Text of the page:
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  2. Enjoyed reading your take on the movie and book. Book club I'm in had this as a selection last month. One of the questions raised was whether or not the quad guy was romantically interested in his young caregiver. Some envisioned they would wed and be together happily ever after if he had chosen to live. My view was that while he cared about her, what he wanted for her was to realize what opportunities there were in life beyond the little world that had existed in her mind, but I don't think he was romantically interested in her for the long haul.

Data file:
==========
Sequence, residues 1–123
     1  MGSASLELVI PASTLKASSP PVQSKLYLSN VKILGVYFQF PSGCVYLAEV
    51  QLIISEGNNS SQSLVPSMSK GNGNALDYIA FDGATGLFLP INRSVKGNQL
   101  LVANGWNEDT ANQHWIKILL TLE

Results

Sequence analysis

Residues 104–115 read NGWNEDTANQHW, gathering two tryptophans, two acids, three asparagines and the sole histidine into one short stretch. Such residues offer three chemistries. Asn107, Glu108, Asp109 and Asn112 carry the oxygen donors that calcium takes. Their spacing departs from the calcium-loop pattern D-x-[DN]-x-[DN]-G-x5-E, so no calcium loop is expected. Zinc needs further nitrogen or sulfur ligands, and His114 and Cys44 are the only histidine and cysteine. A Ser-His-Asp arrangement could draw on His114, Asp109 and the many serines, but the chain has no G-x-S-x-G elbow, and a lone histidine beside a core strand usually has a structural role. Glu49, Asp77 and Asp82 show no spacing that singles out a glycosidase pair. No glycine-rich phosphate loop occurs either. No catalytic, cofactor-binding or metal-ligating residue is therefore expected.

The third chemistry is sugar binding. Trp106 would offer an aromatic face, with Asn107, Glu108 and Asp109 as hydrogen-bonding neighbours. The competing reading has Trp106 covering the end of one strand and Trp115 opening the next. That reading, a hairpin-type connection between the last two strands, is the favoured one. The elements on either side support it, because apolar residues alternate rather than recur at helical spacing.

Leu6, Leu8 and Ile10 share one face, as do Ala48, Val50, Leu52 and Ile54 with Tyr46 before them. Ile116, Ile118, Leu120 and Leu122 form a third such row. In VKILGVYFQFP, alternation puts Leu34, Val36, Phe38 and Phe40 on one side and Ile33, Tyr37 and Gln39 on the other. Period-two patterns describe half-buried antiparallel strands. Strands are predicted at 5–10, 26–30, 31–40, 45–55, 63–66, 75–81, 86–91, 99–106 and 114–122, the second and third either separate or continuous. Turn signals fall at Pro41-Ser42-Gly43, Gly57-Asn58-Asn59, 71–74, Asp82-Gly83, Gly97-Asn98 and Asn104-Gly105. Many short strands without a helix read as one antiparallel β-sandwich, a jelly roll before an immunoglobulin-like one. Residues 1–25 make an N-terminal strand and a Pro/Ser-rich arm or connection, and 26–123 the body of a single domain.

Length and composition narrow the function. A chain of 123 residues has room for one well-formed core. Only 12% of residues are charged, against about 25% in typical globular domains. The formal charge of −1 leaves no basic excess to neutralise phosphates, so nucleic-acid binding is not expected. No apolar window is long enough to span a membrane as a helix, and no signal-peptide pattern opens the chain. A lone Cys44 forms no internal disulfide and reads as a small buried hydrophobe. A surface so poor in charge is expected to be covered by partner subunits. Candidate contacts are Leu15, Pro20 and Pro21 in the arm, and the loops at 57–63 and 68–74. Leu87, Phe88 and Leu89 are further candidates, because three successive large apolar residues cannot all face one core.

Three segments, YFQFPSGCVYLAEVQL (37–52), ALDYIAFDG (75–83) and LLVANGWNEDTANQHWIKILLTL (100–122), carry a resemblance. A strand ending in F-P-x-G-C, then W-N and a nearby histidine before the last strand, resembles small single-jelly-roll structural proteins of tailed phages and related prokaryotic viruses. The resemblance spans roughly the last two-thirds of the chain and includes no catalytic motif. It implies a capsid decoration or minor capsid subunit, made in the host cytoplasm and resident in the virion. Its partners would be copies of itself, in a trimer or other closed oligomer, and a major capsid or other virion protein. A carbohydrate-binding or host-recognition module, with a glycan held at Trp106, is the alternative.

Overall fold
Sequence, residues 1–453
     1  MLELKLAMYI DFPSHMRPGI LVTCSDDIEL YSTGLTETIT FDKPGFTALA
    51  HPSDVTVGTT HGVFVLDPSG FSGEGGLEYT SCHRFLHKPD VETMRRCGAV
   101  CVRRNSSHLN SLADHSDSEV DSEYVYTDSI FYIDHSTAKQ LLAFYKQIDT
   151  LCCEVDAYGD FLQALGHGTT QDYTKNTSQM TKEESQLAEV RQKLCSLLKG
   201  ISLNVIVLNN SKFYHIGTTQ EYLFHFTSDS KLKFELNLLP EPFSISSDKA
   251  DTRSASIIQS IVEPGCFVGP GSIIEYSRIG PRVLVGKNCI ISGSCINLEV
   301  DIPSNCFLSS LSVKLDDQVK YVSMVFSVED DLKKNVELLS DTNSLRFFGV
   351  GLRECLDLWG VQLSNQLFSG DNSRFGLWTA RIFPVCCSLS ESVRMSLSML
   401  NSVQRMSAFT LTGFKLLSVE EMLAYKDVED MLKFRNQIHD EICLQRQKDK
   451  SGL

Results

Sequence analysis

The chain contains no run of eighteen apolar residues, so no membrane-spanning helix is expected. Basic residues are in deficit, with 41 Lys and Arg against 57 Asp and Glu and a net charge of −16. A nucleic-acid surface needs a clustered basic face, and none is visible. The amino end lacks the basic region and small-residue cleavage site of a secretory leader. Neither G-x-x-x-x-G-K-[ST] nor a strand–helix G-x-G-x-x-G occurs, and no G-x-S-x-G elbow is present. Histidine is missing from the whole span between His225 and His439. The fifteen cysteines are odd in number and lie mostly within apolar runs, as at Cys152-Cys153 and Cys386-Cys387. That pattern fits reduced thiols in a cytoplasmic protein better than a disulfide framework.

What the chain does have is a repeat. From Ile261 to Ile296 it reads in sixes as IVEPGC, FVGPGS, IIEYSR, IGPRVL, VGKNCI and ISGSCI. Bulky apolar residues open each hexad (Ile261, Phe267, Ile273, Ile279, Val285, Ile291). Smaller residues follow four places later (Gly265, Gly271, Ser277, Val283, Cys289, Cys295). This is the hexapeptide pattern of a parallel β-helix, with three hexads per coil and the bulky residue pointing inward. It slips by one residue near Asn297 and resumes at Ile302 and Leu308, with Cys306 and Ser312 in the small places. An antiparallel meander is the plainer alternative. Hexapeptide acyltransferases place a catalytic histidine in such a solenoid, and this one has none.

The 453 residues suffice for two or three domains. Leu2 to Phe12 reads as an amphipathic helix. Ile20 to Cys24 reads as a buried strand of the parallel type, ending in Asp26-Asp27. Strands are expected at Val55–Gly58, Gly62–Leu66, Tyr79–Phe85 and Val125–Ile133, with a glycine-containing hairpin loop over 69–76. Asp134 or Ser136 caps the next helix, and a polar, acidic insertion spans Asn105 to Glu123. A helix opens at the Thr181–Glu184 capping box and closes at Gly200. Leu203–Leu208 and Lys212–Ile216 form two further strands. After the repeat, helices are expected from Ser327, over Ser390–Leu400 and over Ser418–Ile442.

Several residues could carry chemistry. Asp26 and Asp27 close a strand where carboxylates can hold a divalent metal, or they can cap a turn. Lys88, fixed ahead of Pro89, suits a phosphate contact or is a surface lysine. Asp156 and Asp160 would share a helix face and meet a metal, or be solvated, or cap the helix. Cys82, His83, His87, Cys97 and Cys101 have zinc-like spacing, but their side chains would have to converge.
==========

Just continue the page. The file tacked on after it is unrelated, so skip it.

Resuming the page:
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    1. I'm a romantic at heart so I like to believe he loved he enough to let her go, not tie her down to a life that she might grow to hate over the long haul. Also I saw Patrick as giving the greatest clue when he said Will tried to hide his pain from Lou. I don't think he would have done that if he wasn't romantically interested in her. Quads often do that with people they love. There is no happily ever after for someone in his condition. They can find meaningful things to do like my x-boss but they deal with so much pain and drugs that happiness is hard to sustain without an extremely hard will to get through the ups and downs. Then there is the whole religion as aspect that Lou's mother represented in the film and book. His family wasn't religious but many families are which adds more conflicting emotions. And many time guilt for what they are putting their loved ones through is hard to bear.